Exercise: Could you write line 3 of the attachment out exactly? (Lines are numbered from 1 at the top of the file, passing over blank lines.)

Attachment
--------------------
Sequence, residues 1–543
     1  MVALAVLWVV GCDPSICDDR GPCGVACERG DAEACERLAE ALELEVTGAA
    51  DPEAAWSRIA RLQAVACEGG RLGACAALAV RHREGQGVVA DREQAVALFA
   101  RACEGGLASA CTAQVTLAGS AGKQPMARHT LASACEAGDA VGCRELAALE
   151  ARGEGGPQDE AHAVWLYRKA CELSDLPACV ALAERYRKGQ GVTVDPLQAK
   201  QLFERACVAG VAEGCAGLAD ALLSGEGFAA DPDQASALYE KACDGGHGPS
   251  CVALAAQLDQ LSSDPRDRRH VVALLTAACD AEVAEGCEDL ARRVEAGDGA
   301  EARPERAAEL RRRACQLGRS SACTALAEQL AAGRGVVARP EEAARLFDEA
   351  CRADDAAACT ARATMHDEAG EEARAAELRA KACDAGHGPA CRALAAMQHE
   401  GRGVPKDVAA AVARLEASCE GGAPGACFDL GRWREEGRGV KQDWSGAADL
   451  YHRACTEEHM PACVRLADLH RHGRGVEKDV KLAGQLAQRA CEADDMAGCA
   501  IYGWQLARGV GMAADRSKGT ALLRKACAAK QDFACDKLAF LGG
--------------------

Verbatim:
    51  DPEAAWSRIA RLQAVACEGG RLGACAALAV RHREGQGVVA DREQAVALFA